upper waypoint

Renewable and Non-renewable Energy Resources Explained

by Kevin Stark

There are two major categories of energy: renewable and non-renewable.

Non-renewable energy resources are available in limited supplies, usually because they take a long time to replenish. The advantage of these non-renewable resources is that power plants that use them are able to produce more power on demand. The non-renewable energy resources are:

  • Coal
  • Nuclear
  • Oil
  • Natural gas

Renewable resources, on the other hand, replenish themselves. The five major renewable energy resources are:

  • Solar
  • Wind
  • Water, also called hydro
  • Biomass, or organic material from plants and animals
  • Geothermal, which is naturally occurring heat from the earth

While renewable energy resources have the advantage of unlimited supply over the long haul, they are limited in their availability at any given moment.

For example, the sun rises each day, but its ability to generate power is limited when its cloudy. Another disadvantage is that power plant operators can’t crank up renewable energy production when people are consuming more power, such as on a hot day when many people are running air conditioners at the same time.

States like California are trying to solve this problem by using energy storage, like large batteries, to collect electricity from renewable sources when demand is low in order to use it later when demand goes up.


Non-renewable Energy and Climate Change

When coal, natural gas and oil are burned to produce energy, they emit heat-trapping gases such as carbon dioxide. This process of trapping heat is what drives climate change, and the failure to address this problem is what's catalyzing the current climate crisis.

Fossil fuels are hydrocarbon-containing materials like coal or gas that are found in the Earth’s crust and formed in the geological past from the remains of living organisms. These energy sources account for the majority of the world’s greenhouse gas emissions.

If emissions continue unrestrained, the atmosphere could warm by as much as 2.7 degrees Fahrenheit above preindustrial levels by the year 2040, according to the latest report from the Intergovernmental Panel on Climate Change, a group of international scientists empowered by the United Nations to advise world leaders.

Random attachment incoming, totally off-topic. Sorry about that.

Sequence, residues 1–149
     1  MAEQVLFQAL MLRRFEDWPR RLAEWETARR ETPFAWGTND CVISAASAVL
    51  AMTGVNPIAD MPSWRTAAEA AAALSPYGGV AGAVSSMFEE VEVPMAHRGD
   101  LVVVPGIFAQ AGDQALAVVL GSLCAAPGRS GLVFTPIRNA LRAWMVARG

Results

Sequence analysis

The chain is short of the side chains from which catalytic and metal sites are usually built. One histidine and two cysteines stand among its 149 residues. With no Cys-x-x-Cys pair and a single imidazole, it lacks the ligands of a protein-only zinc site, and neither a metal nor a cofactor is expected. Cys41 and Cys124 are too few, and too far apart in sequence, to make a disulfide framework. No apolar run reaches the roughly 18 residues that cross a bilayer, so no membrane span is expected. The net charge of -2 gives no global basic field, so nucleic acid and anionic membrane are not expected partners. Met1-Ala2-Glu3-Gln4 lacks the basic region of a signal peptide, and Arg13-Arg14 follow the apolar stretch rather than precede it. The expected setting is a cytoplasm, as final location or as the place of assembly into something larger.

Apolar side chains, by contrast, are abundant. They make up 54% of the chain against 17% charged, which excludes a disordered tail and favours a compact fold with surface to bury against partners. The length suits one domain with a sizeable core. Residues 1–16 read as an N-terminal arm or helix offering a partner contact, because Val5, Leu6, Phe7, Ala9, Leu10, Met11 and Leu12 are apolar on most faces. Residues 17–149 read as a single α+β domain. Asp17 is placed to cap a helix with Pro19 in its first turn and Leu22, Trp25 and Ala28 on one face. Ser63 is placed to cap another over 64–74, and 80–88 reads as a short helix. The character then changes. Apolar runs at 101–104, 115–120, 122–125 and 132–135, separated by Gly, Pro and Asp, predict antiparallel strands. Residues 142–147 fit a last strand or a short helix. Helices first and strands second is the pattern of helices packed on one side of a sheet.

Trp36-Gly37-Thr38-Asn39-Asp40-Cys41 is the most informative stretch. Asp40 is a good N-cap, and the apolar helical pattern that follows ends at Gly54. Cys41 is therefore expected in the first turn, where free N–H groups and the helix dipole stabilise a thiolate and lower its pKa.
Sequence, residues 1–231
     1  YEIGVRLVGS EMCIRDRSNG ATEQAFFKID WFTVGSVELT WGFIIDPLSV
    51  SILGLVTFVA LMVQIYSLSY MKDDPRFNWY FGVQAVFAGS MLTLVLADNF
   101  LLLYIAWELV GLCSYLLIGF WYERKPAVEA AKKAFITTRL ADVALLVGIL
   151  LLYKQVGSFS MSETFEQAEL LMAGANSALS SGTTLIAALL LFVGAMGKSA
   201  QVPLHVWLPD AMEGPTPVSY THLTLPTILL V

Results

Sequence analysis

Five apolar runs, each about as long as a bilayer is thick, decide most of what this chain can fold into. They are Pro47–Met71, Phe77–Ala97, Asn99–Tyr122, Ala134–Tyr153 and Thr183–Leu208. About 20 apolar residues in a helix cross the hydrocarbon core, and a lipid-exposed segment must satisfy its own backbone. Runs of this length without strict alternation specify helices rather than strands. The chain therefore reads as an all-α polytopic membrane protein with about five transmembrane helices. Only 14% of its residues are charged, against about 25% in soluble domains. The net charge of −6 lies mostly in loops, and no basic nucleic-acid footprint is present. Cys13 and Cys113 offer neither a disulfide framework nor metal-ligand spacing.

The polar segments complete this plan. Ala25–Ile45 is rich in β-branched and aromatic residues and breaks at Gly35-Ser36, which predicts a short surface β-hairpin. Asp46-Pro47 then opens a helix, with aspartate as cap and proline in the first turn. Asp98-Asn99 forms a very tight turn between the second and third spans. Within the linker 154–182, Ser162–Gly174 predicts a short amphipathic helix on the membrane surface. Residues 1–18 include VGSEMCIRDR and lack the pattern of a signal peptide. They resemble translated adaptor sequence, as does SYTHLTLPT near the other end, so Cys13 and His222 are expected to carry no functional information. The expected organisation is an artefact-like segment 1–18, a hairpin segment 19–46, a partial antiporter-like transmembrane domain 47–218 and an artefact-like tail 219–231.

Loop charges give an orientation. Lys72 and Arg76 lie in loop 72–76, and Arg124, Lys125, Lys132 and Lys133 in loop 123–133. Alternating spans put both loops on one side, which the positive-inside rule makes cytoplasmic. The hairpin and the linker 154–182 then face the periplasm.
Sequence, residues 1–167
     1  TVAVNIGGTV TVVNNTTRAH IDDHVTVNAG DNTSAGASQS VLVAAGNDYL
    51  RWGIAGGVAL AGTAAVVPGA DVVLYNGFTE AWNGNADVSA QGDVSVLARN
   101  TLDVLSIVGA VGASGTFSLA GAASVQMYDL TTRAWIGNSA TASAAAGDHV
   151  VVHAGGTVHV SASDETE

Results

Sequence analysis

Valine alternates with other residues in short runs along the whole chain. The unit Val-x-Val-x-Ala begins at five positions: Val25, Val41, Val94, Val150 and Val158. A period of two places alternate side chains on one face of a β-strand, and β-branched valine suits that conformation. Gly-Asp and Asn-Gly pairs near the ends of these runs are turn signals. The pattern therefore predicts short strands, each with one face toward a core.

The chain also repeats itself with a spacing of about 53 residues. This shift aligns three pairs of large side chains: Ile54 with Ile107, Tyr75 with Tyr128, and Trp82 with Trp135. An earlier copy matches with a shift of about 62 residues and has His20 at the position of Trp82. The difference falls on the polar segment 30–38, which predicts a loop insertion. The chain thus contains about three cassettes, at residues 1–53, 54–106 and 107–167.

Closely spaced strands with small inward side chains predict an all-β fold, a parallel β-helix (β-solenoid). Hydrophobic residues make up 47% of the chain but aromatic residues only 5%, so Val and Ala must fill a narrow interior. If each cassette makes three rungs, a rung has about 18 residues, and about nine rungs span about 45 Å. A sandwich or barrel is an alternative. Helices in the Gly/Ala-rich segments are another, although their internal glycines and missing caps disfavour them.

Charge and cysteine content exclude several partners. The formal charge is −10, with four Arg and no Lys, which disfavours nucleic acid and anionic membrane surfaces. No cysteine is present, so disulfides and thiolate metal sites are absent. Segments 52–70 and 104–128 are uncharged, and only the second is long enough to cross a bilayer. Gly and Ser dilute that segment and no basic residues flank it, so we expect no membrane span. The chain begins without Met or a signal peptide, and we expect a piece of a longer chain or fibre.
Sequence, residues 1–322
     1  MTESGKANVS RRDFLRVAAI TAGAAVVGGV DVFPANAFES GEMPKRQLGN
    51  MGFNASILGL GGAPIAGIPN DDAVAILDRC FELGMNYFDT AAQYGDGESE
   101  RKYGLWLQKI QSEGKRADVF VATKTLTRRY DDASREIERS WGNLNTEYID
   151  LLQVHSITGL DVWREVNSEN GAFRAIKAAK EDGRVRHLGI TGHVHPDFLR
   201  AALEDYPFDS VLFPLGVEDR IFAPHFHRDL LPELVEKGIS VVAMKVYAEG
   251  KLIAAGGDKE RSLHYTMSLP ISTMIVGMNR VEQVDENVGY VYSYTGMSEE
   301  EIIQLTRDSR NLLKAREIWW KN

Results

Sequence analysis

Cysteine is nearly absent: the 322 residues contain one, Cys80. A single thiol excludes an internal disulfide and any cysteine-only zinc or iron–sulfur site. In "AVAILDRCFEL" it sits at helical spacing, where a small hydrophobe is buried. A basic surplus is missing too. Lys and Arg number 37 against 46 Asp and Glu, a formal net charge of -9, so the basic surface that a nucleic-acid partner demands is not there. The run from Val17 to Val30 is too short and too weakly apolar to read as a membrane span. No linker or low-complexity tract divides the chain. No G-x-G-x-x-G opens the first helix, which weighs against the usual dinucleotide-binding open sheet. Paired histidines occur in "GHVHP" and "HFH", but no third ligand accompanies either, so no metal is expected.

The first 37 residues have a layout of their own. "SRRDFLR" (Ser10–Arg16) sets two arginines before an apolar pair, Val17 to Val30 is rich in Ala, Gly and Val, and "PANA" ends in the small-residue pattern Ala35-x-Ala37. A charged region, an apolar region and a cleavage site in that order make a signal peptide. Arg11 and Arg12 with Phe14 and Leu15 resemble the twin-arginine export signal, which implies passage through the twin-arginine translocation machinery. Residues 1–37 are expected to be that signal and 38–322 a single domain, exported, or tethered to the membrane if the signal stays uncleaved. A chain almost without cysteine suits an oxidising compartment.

Scientists say this increase in the temperature  would threaten life on the planet in a myriad of ways, including severe water shortages; more air pollution; rising sea levels, habitat loss; heat waves; melting ice sheets in West Antarctica and Greenland; and destruction of the world’s coral reefs.

Over the last 150 years, humans are responsible for the vast majority of the increase of these gases in the atmosphere, and the burning of fossil fuels through activities like driving a car is the largest source of these emissions.

There is a vocal group of environmentalists and researchers —Stanford’s Mark Jacobson, who developed a state-by-state 100% renewable plan for one — who argue that the power grid should be supported only by renewable resources.

Policy makers who invest in renewable energy often do so with the goal of generating power without emitting these planet-warming gases.

The Nuclear Debate

Experts debate whether nuclear energy should be considered a renewable or non-renewable energy resource.

Nuclear energy is considered clean energy, as it doesn’t create any air pollution or emit carbon dioxide, but generates energy through nuclear fission, the process of atoms splitting apart.

For this reason, supporters of nuclear energy argue it should be considered renewable.

Those who are in favor of more nuclear energy hold that that even with investment in wind, solar and other renewable resources, nuclear power is necessary, because without it we can’t reduce emissions quickly enough to stave off the worst impacts of climate change. Without contributions from nuclear energy “the cost of achieving deep decarbonization targets increases significantly,” wrote MIT researchers in a 2018 paper examining the issue.

Detractors of this approach say that both the mining and refining of uranium and the building of nuclear power plants is energy-intensive. Other downsides to nuclear energy are the finite amount of uranium deposits on the planet and the production of harmful waste from nuclear reactors.

For these reasons, the U.S. Energy Information Administration considers it a non-renewable energy resource.

Links to Learn More

Intergovernmental Panel on Climate Change Change
A body of the United Nations, the IPCC regularly assesses the science of climate change and issues annual reports on the impacts and risks of warming, as well as guidance for adaptation and mitigation.

U.S. Energy Administration
This U.S. Department of Energy website includes detailed information, analysis and graphics about energy production and use in the U.S.

The United States of Energy
A series of infographics provides insight on our country’s energy production and consumption of both renewable and non-renewable energy sources.

PBS LearningMedia
Find hundreds of digital media resources about renewable energy for use in the classroom from public media stations across the country.

Andrea Aust contributed to this post.

lower waypoint
next waypoint